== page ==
Once the models coefficients q and p have been calculated, for each model, an expression to estimate the distance can be defined. For example, for the ΔErrel model, the distance would yield:

a 1 D 2 + a 2 D + a 3 = 0
where the a1, 2, 3 coefficients were defined as:
a 1 = q 2 Δ t 2 ϱ 2 E ( θ ) + q 4 Δ t 2 ϱ E ( θ ) + q 10 Δ t 2 a 2 = q 1 Δ F ( 0 , 0 ) Δ t ϱ E ( θ ) + q 3 Δ t 2 ϱ 2 E ( θ ) + q 5 Δ t 2 ϱ E ( θ ) + q 9 Δ F ( 0 , 0 ) Δ t + + q 11 Δ t 2 q 14 Δ E r rel Δ t ϱ E ( θ ) q 16 Δ E r rel Δ t a 3 = q 6 Δ F ( 0 , 0 ) Δ t ϱ E ( θ ) + q 7 Δ t 2 ϱ 2 E ( θ ) + q 8 Δ t 2 ϱ E ( θ ) + q 12 Δ F ( 0 , 0 ) Δ t + + q 13 Δ t 2 q 15 Δ E r rel Δ t ϱ E ( θ ) q 17 Δ E r rel Δ t

Analogously, for the ΔΣ model:

c 1 D 3 + c 2 D 2 + c 3 D + c 4 = 0
and the coefficient of Equation (23) can be obtained by:
c 1 = p 2 Δ t 2 ϱ 2 ( θ ) + p 4 Δ t 2 ϱ ( θ ) + p 13 Δ t 2 c 2 = p 1 Δ F ( 0 , 0 ) Δ t ϱ ( θ ) + p 3 Δ t 2 ϱ 2 ( θ ) + p 5 Δ t 2 ϱ ( θ ) + p 12 Δ F ( 0 , 0 ) Δ t + p 14 Δ t 2 c 3 = p 6 Δ F ( 0 , 0 ) Δ t ϱ ( θ ) + p 7 Δ t 2 ϱ 2 ( θ ) p 19 Δ Σ Δ ϱ ( θ ) p 21 Δ Σ Δ t + + p 8 Δ t 2 ϱ ( θ ) + p 16 Δ t 2 c 4 = p 9 Δ F ( 0 , 0 ) Δ t ϱ ( θ ) + p 10 Δ t 2 ϱ 2 ( θ ) + p 11 Δ t 2 ϱ ( θ ) + p 17 Δ F ( 0 , 0 ) Δ t + + p 18 Δ t 2 p 20 Δ Σ Δ t ϱ ( θ ) p 22 Δ Σ Δ t

The coefficients a1, 2, 3 and c1, 2, 3, 4 in Equations (22) and (24) depend on ΔErrel ΔF(0, 0), ΔΣ, which are extracted from images, Δt, which is measured in the camera, and θ, which is calculated by the estimated ellipse using the method proposed in [17] and also explained in Section 2. Therefore, once the coefficients in Equations (22) and (24) have been estimated, Equations (21) and (23) can be solved to obtain the distance between the camera and the IRED.

From the root of each of these two equations, the Equations (21) and (23) provide the distance estimation. The contribution of each of these equations could be weighted to take accuracy in the model fitting process into account, as was proposed in [2]. However, in this case the weighting contribution was not considered. Consequently, Equations (21) and (23) were equaled. Thus, the distance can be calculated by solving the following equation:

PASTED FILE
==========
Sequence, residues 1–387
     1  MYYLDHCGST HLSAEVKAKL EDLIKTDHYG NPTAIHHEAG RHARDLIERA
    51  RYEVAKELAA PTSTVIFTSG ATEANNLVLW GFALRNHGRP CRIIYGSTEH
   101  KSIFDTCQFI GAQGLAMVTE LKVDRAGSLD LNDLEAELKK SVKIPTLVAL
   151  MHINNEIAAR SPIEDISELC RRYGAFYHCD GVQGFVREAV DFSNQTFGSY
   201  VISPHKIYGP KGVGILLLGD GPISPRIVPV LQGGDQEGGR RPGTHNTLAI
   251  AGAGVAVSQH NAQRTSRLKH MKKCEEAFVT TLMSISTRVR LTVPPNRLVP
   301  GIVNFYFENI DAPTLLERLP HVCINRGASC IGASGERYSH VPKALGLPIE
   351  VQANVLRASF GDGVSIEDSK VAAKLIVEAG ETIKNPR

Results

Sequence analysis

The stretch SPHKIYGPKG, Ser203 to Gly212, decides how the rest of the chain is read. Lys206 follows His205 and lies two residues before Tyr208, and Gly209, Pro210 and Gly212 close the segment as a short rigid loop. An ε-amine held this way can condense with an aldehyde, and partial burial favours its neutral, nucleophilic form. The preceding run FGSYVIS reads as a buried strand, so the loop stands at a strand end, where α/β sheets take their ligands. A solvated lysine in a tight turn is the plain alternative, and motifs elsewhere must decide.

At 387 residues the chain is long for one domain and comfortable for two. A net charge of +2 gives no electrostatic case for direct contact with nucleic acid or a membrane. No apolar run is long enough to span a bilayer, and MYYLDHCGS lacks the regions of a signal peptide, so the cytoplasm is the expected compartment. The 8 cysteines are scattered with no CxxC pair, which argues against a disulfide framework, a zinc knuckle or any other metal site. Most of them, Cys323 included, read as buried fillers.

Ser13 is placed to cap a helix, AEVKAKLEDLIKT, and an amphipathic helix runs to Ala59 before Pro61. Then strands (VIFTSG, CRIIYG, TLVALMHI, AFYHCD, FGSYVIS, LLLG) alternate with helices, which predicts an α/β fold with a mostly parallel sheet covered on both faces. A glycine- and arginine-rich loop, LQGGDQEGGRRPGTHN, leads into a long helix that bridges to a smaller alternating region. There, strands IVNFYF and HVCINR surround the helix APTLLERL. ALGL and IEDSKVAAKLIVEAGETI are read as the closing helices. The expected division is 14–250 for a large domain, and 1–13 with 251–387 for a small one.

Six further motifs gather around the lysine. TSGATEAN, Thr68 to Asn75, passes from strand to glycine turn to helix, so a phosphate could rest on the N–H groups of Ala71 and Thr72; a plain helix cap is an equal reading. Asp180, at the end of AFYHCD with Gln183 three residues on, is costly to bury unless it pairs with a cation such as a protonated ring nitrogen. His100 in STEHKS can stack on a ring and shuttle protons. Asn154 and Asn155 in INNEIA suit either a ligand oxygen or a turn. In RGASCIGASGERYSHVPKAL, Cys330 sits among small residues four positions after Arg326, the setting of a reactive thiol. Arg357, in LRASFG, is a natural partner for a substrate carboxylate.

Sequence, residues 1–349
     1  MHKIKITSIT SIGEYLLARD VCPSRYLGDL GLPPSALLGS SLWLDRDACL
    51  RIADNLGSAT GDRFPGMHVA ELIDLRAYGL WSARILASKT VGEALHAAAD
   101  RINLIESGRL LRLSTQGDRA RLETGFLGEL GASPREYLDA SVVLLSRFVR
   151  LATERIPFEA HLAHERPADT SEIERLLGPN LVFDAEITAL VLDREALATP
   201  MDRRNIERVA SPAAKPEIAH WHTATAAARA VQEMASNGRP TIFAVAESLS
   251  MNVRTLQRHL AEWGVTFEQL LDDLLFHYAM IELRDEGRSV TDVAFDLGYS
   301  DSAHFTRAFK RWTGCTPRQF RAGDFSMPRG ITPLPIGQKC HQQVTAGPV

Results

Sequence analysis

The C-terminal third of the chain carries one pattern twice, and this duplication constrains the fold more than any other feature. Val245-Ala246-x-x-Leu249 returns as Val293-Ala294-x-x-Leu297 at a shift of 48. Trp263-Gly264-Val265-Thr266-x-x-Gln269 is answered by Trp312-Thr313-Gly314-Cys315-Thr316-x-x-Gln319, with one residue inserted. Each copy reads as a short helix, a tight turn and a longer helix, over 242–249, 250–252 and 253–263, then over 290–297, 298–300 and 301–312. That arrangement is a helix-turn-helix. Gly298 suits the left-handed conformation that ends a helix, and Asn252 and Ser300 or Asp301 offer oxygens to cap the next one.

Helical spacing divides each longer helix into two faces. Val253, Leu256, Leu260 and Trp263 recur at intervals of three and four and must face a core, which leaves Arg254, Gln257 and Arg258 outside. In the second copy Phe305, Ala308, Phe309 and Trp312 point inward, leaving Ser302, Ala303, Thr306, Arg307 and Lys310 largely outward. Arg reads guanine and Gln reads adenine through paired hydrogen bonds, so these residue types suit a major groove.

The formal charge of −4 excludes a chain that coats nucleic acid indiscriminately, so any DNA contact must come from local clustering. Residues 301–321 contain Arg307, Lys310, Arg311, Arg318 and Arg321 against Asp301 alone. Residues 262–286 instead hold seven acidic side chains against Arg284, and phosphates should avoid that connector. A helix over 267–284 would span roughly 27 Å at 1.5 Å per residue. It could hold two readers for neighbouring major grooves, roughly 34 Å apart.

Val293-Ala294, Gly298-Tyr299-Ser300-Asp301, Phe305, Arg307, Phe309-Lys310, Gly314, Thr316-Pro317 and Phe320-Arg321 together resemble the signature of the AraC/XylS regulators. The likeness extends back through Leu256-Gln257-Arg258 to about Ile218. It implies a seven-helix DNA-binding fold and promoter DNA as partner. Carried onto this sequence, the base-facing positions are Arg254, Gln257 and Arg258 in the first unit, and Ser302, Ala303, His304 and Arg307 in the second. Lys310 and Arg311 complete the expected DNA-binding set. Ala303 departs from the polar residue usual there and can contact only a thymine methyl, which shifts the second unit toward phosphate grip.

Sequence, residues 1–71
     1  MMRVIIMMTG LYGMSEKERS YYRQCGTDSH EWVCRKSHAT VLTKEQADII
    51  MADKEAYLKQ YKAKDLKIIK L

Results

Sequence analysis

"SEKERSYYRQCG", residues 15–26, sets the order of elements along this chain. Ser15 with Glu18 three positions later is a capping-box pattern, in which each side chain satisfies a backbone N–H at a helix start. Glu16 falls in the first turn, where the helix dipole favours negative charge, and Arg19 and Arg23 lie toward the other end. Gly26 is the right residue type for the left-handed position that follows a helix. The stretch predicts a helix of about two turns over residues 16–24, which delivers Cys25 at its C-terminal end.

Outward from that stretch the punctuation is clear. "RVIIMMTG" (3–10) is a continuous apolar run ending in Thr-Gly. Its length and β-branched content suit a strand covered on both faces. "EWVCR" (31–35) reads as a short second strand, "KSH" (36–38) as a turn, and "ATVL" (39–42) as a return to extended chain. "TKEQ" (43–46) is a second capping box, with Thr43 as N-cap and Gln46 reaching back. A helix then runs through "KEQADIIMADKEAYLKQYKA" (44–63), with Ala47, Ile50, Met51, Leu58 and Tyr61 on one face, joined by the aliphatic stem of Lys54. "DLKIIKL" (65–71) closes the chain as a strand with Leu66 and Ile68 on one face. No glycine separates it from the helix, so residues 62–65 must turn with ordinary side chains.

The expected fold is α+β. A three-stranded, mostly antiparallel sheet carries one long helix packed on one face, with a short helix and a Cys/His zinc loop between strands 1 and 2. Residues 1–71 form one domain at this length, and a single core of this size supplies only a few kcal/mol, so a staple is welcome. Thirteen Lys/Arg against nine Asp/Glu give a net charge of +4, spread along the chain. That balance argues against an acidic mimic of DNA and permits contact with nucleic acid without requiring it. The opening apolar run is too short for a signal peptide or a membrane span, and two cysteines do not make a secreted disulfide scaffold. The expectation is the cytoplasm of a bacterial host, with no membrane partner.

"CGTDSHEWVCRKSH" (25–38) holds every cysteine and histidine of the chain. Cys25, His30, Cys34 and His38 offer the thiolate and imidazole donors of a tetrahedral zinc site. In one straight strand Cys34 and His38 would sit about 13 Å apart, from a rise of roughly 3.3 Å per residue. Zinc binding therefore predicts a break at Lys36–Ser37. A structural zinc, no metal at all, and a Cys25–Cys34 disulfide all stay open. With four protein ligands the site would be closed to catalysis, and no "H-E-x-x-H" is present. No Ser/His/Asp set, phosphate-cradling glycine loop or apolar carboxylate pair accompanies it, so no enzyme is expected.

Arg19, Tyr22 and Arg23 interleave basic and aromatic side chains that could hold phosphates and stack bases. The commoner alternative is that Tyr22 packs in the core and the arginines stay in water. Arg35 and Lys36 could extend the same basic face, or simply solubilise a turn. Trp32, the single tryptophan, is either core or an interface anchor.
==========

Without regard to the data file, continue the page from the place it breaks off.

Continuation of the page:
c 1 D 3 + ( c 2 a 1 ) D 2 + ( c 3 a 2 ) D + ( c 4 a 3 ) = 0
where the distance d would be d = + D, and D is the positive and real root of the Equation (25).

Mathematically, Equations (21) and (23) have at least one equal roots. If both equations are equaled, then the intersection points of both equations could be estimated. As was shown in Equation (25), the intersection of Equations (21) and (23) is defined by a cubic equation. By obtaining the roots of Equation (24), the solution for the intersection of Equations (21) and (23) can be estimated.

Figure 8 was generated from the data used in the calibration process. It graphically shows that the roots of Equation (25) correspond to the real distance employed to obtain the model coefficients.

Figure 8 shows the behavior of Equation (25) in the range of distances from 1,000 to 3,000 mm for all conditions taken into account in the calibration process.

Each condition was formed by the combination of the values of I0, d, θ and Δt used in the calibration process. For each of the conditions, a set of values for a1,2,3 and c1,2,3,4 coefficients can be obtained, so Equation (25) would be different for each of the conditions used in the calibration process. Specifically, Figure 8 was formed by superposing the entire set of Equation (25) obtained using the calibration data.

Although the data used in the calibration process will be formally defined in Table 3 in Section 5, it can be observed in Figure 8 that Equation (25) has zeros closer to the real distance value used in the calibration process, with dispersion lower than 2% of the real distance value.

Using the fact that two I0-free equations have been defined, another additional unknown was considered to form a system of two equations with two unknowns. Thus, the goal was to calculate the distance between the camera and the IRED as well as the IRED orientation angle simultaneously. Mathematically, this can defined as:

{ Δ E r rel Measured Δ E r rel Therotical ( x , Y E r rel ) = 0 Δ Measured Δ E Therotical ( x , Y ) = 0
where the goal is to apply an optimization method to obtain the vector x = [d, θ]t, which minimizes the error between measured and theoretical values, where YErrel and Y are the vectors that contain the p and q coefficients, the Δt values and the values for ΔF(0, 0). The optimization method requires an initial estimation for x, and this was considered as the θ value obtained from the estimated ellipse and the distance obtained by Equation (25).